STATE of Florida, Petitioner, v. Jorge OLIVO, Respondent.
We have for review the decision in State v. Olivo, 717 So.2d 620 (Fla. 3d DCA 1998), which certified conflict with the decisions in Parr v. State, 415 So.2d 1353 (Fla. 4th DCA 1982), and Bell v. State, 479 So.2d 308 (Fla. 2d DCA 1985). We have jurisdiction. See art. V, § 3(b)(4), Fla. Const. For the reasons expressed below, we approve Parr and Bell, disapprove State v. Perez, 400 So.2d 91 (Fla. 3d DCA 1981), and quash the Third District's decision in State v. Olivo.
Respondent Jorge Olivo (Olivo) was arrested on October 13, 1995, for driving under the influence with serious bodily injury in violation of section 316.193(3)(c)(2), Florida Statutes (1995). Olivo's blood and urine samples, obtained pursuant to an arrest warrant the day following the accident, indicated a blood alcohol level of .16% and yielded positive results for cocaine and other drugs. At the time of his arrest, Olivo was either sixteen or seventeen years old and, therefore, the case was initially assigned to the juvenile unit.1
On November 15, 1995, the State announced it was considering whether to charge Olivo as an adult pursuant to section 39.0587(1)-(3), Florida Statutes (Supp.1994),2 and asked the trial court to set a hearing within twenty-one days. At the hearing on November 29, 1995, the trial court entered an order acknowledging the State's intention to determine whether to direct file in the criminal division. Although the trial court found probable cause, it released Olivo to the custody of his parent pending a hearing on December 20, 1995. At the December hearing, the trial court granted the State's request for a two-week postponement. Subsequently, the trial court granted several other requests for postponement made by the State. On March 19, 1996, the State filed an information charging Olivo as an adult, and it later filed an “Announcement of Direct File” on March 27, 1996. Thereafter, the case proceeded in the criminal division of the circuit court.
On February 10, 1997, Olivo filed a motion to dismiss in the criminal division of the circuit court. A hearing on the motion was held the same day. The parties disagreed on whether the juvenile or adult speedy trial rule governed the proceedings. At the hearing, the State acknowledged Perez, but cited contrary authority on the same issue. In addition, the State argued that it filed an information before the adult speedy trial rule for felonies expired.3 The circuit court, however, concluded: “It appears clearly that at this time, in this district, State v. Perez is still the law.” Accordingly, the court dismissed the case based upon the State's failure to bring Olivo to an adjudicatory hearing within ninety days pursuant to the juvenile speedy trial rule.4 The Third District affirmed the circuit court's decision and certified conflict with Bell v. State and Parr v. State.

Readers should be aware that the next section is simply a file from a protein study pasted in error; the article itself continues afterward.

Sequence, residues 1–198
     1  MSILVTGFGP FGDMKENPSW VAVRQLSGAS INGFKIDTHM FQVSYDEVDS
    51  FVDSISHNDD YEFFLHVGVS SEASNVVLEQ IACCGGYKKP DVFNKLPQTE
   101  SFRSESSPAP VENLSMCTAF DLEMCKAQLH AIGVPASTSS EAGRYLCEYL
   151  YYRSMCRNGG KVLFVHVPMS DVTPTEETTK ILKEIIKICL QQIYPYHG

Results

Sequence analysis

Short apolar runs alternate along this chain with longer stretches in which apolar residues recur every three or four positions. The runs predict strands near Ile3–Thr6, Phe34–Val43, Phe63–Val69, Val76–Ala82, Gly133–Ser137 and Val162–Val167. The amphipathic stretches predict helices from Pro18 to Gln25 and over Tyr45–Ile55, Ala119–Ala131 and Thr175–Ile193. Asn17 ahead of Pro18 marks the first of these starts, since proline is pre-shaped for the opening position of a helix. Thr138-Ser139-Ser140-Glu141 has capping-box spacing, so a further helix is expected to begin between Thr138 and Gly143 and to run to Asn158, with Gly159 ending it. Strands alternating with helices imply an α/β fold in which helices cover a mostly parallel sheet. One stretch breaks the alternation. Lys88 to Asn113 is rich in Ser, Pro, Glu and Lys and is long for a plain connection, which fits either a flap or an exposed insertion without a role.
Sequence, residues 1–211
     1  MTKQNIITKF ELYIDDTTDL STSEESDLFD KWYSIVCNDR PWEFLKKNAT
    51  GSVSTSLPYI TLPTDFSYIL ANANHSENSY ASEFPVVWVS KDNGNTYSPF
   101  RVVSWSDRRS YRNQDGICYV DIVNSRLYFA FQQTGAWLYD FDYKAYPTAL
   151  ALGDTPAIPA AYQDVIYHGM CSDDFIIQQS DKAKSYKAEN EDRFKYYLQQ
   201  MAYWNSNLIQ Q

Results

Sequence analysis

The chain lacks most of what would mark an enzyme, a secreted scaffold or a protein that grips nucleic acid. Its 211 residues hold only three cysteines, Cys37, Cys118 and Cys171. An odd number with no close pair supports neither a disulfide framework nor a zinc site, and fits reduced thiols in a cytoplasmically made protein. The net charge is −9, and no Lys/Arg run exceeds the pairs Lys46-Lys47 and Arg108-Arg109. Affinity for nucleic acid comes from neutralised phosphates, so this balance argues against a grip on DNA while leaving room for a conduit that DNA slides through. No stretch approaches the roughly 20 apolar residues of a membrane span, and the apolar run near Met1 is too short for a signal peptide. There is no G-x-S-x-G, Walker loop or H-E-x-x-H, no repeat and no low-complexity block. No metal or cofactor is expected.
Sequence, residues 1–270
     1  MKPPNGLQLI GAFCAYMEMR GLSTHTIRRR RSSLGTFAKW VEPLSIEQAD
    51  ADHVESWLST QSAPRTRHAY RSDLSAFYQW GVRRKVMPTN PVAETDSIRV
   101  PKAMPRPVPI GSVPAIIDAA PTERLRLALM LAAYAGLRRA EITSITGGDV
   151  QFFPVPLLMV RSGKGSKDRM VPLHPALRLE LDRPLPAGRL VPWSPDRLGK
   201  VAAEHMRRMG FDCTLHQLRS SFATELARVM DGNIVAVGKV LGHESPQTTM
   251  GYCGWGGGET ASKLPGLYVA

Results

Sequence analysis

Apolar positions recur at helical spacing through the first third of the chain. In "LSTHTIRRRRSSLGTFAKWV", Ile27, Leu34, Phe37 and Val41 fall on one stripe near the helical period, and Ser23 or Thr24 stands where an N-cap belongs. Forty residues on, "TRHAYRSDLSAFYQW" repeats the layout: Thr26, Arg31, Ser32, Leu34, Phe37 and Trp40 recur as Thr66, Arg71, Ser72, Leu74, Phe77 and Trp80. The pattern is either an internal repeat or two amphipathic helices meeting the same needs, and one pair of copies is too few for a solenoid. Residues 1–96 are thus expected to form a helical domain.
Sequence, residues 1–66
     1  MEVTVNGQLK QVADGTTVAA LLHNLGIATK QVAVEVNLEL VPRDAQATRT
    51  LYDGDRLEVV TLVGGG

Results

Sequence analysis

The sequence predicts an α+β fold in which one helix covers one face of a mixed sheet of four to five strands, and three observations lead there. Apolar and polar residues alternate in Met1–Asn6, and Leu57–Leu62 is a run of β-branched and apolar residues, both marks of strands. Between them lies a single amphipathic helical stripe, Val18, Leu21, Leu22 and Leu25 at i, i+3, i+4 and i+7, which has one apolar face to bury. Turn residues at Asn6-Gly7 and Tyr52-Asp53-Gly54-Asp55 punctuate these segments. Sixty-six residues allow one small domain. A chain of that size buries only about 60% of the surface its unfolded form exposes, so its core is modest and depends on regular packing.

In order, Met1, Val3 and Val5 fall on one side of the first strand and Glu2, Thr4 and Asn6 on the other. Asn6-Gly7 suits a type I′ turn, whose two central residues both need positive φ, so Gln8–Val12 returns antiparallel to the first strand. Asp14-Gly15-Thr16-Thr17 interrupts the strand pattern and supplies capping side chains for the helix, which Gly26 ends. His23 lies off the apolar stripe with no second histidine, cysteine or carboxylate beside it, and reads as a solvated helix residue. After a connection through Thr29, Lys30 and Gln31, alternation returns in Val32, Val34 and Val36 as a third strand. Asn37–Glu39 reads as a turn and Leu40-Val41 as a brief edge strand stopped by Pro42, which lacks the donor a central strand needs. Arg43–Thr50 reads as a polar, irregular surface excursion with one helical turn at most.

The district courts have grappled with the extent to which juvenile procedural rules should govern cases that were direct filed in the adult division. In Perez, the Third District held that the State could not circumvent the juvenile speedy trial rule by filing an information in the adult division after the juvenile speedy trial period lapsed. See Perez, 400 So.2d at 93. The court reasoned that because the juvenile division retained jurisdiction until the State filed an information, the juvenile speedy trial rights vested on the ninety-first day. Therefore, the State's filing of an information after that time could not “deprive the defendants of their previously vested rights under the Juvenile Speedy Trial Rule.” Id.